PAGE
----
To boldly gulp: standard metabolic rate and boldness have context-dependent influences on risk-taking to breathe air in a catfish
|Author(s)||McKenzie David1, 2, Belao Thiago C.3, Killen Shaun S.4, Rantin F. Tadeu1|
|Affiliation(s)||1 : Univ Fed Sao Carlos, Dept Physiol Sci, BR-13565905 Sao Carlos, SP, Brazil.
2 : Univ Montpellier, Ctr Marine Biodivers Exploitat & Conservat Marbec, UMR9190, F-34095 Montpellier 5, France.
3 : Sao Paulo State Univ, Fed Univ Sao Carlos UFSCar, Joint Grad Program Physiol Sci, BR-14801903 Araraquara, SP, Brazil.
4 : Univ Glasgow, Coll Med Vet & Life Sci, Inst Biodivers Anim Hlth & Comparat Med, Glasgow G12 8QQ, Lanark, Scotland.
|Source||Journal Of Experimental Biology (0022-0949) (Company Of Biologists Ltd), 2015-12 , Vol. 218 , N. 23 , P. 3762-3770|
|WOS© Times Cited||21|
|Keyword(s)||Bimodal respiration, Energy metabolism, Hypoxia, Personality, Respiratory partitioning, Risk-taking|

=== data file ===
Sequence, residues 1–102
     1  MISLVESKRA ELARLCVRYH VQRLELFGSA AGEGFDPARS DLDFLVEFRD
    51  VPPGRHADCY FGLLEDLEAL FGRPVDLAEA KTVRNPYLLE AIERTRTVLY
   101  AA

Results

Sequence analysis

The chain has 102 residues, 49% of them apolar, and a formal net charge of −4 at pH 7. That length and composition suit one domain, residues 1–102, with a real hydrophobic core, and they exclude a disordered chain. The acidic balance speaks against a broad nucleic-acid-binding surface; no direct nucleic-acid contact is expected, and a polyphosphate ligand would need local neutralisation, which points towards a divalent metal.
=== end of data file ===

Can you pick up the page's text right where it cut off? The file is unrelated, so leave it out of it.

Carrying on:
The African sharptooth catfish Clarias gariepinus has bimodal respiration, it has a suprabranchial air-breathing organ alongside substantial gills. We used automated bimodal respirometry to reveal that undisturbed juvenile catfish (N=29) breathed air continuously in normoxia, with a marked diurnal cycle. Air breathing and routine metabolic rate (RMR) increased in darkness when, in the wild, this nocturnal predator forages. Aquatic hypoxia (20% air saturation) greatly increased overall reliance on air breathing. We investigated whether two measures of risk taking to breathe air, namely absolute rates of aerial O-2 uptake ((M) over dotO(2), air) and the percentage of RMR obtained from air (% (M) over dotO(2), air), were influenced by individual standard metabolic rate (SMR) and boldness. In particular, whether any influence varied with resource availability (normoxia versus hypoxia) or relative fear of predation (day versus night). Individual SMR, derived from respirometry, had an overall positive influence on (M) over dotO(2), air across all contexts but a positive influence on % (M) over dotO(2), air only in hypoxia. Thus, a pervasive effect of SMR on air breathing became most acute in hypoxia, when individuals with higher O-2 demand took proportionally more risks. Boldness was estimated as time required to resume air breathing after a fearful stimulus in daylight normoxia (T-res). Although T-res had no overall influence on (M) over dotO(2), air or % (M) over dotO(2), air, there was a negative relationship between Tres and % (M) over dotO(2), air in daylight, in normoxia and hypoxia. There were two Tres response groups, 'bold' phenotypes with Tres below 75 min (N= 13) which, in daylight, breathed proportionally more air than 'shy' phenotypes with Tres above 115 min (N= 16). Therefore, individual boldness influenced air breathing when fear of predation was high. Thus, individual energy demand and personality did not have parallel influences on the emergent tendency to take risks to obtain a resource; their influences varied in strength with context.